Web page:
Imagine being so motivated by your faith that you are willing to leave the comforts of home in order to travel over land and sea, all so that people will be converted. You refuse to be silent about what you believe, even if it means making a sacrifice. Then imagine your reaction when Jesus comes to you and, in light of all your efforts, calls you a child of hell.
This is exactly what happened to some first-century missionaries – you may know them as the scribes and Pharisees. Here's how Jesus responded to their disciple-making efforts:
Woe to you, scribes and Pharisees, hypocrites! For you travel across sea and land to make a single proselyte, and when he becomes a proselyte, you make him twice as much a child of hell as yourselves. (Matt 23:15)
The scribes and Pharisees illustrate for us why zeal, in and of itself, is not enough. They were willing to get a passport and jump on a plane, so to speak, but in the process they were making people "twice as much a child of hell" as they were (Matt 23:15). These hypocrites were zealous, but for the wrong, gospel-denying reasons.
Religious groups that deny the gospel are still willing to travel across the world to make converts in our day. The Mormons are one of the more obvious examples. Admittedly, we can respect the commitment and the willingness of such groups to make sacrifices for what they believe, especially when they know their message won't be well received. After all, we too should be zealous in our service to the Lord. But we don't want to have the testimony of Israel in Paul's day: "They have a zeal for God, but not according to knowledge" (Rom 10:2). All the sincerity and passion in the world are not enough if we are not fueled by the truth.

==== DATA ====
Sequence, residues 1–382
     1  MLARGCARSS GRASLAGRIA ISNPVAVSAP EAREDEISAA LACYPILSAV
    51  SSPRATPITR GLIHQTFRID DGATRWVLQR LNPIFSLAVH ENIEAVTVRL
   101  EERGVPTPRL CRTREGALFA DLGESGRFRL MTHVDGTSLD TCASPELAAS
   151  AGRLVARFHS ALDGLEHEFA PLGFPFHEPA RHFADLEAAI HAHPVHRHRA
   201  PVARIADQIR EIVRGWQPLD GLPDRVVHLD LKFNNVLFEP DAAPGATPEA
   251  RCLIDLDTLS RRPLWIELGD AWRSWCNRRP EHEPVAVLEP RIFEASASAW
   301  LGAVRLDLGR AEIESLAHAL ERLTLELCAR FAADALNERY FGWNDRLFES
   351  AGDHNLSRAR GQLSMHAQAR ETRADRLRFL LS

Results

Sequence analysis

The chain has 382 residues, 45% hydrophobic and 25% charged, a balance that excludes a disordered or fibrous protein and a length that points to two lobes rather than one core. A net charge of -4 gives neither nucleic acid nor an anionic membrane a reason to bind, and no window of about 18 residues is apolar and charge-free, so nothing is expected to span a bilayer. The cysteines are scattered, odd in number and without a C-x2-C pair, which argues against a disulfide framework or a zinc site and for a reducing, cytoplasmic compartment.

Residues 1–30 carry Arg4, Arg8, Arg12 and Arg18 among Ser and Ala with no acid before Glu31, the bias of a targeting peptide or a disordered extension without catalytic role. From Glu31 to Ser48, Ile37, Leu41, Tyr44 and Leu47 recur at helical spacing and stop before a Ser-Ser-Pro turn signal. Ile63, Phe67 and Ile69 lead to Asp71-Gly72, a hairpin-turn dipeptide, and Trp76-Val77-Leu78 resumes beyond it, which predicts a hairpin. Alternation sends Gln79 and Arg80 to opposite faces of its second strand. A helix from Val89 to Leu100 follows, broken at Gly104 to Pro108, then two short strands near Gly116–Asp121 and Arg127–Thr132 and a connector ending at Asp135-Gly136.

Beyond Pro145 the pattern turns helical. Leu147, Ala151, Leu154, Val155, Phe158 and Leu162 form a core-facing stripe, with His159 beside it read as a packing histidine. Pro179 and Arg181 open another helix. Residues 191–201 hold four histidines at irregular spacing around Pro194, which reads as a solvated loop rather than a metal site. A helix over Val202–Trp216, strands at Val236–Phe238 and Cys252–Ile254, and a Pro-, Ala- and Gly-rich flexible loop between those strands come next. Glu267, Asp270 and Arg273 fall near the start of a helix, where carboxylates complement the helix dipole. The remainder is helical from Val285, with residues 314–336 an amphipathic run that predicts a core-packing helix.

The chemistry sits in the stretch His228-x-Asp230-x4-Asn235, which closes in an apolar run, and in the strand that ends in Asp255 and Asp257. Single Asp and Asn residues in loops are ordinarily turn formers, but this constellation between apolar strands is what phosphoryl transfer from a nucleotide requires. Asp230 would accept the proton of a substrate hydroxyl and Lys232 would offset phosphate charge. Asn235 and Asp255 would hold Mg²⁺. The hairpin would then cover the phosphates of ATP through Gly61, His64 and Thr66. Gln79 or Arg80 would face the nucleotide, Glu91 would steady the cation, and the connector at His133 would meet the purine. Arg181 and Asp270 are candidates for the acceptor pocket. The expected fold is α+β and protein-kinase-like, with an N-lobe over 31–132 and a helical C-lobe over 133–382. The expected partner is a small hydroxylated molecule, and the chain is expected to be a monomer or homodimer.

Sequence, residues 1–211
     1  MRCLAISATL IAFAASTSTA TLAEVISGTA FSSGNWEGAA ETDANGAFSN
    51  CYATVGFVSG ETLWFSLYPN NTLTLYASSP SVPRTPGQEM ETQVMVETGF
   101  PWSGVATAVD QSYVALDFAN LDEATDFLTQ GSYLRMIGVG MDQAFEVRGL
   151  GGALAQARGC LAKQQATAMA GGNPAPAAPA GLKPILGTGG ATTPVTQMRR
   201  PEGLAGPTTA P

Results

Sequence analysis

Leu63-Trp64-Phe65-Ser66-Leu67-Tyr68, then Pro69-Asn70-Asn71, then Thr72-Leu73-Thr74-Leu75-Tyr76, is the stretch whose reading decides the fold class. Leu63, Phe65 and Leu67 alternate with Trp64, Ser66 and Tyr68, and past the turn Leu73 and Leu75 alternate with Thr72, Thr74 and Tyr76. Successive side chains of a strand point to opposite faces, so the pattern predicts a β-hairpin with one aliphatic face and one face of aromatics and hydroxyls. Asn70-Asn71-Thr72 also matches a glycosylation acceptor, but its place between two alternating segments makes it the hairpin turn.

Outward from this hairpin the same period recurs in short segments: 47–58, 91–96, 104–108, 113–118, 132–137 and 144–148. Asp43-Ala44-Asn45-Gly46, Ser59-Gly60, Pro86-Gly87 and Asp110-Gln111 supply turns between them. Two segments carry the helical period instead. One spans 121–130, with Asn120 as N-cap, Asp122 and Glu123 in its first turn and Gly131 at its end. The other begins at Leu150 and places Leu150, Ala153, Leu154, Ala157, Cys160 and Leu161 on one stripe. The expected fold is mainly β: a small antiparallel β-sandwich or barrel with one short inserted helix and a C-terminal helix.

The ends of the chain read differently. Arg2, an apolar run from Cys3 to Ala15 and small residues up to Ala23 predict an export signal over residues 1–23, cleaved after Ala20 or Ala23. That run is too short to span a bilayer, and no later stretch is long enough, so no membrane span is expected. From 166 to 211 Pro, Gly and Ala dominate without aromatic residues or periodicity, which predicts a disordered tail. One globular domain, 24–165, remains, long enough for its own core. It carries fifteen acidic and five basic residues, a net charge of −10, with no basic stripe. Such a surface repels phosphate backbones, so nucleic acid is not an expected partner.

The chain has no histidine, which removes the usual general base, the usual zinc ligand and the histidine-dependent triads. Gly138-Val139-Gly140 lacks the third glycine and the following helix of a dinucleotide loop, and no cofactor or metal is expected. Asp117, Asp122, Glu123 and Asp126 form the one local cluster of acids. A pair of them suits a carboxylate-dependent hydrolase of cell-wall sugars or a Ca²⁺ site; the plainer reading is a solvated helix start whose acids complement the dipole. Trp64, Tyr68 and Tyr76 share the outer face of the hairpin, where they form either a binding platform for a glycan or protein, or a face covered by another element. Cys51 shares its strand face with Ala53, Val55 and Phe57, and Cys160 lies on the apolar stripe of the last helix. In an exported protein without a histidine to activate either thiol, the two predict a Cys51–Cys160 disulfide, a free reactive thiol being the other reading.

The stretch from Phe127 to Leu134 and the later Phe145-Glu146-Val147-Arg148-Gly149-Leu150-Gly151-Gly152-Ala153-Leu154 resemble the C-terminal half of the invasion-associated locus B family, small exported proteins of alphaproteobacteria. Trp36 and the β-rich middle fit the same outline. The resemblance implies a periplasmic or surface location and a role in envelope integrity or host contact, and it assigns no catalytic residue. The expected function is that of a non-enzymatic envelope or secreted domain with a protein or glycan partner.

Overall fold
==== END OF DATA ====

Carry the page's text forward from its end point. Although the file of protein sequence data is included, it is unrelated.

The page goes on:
As Christians, our zeal has a very specific foundation, and it's not simply a positive attitude or even a selfless desire to help others. No, our zeal is based on the gospel. It's a Spirit-prompted response to God's mercy in Christ, a response that includes submission, gratefulness, and a strong desire to obey. It's what Paul meant when he said, "For the love of Christ controls us" (2 Cor 5:14).
Just to be clear: making sure that our zeal is motivated by the gospel is not a call to temper our excitement about Jesus. Rather, it's a reminder to feed our affections for him by reflecting on his glories as revealed in Scripture. This helps us to obey Paul's command, "Do not be slothful in zeal, be fervent in spirit, serve the Lord" (Rom 12:11).
So regardless of whether or not our service to the Lord requires traveling over land and sea, let's make sure we have have the right kind of zeal – a zeal based on truth.